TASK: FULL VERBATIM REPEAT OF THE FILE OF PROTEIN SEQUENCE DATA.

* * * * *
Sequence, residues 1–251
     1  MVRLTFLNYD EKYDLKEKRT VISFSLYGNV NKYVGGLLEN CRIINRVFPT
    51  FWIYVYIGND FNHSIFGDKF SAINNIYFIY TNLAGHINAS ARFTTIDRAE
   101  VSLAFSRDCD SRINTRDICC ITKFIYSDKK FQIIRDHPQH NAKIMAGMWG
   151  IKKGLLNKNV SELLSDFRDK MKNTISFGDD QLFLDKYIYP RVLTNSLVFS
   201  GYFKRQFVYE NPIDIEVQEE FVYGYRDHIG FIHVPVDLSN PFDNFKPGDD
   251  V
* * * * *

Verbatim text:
Sequence, residues 1–251
     1  MVRLTFLNYD EKYDLKEKRT VISFSLYGNV NKYVGGLLEN CRIINRVFPT
    51  FWIYVYIGND FNHSIFGDKF SAINNIYFIY TNLAGHINAS ARFTTIDRAE
   101  VSLAFSRDCD SRINTRDICC ITKFIYSDKK FQIIRDHPQH NAKIMAGMWG
   151  IKKGLLNKNV SELLSDFRDK MKNTISFGDD QLFLDKYIYP RVLTNSLVFS
   201  GYFKRQFVYE NPIDIEVQEE FVYGYRDHIG FIHVPVDLSN PFDNFKPGDD
   251  V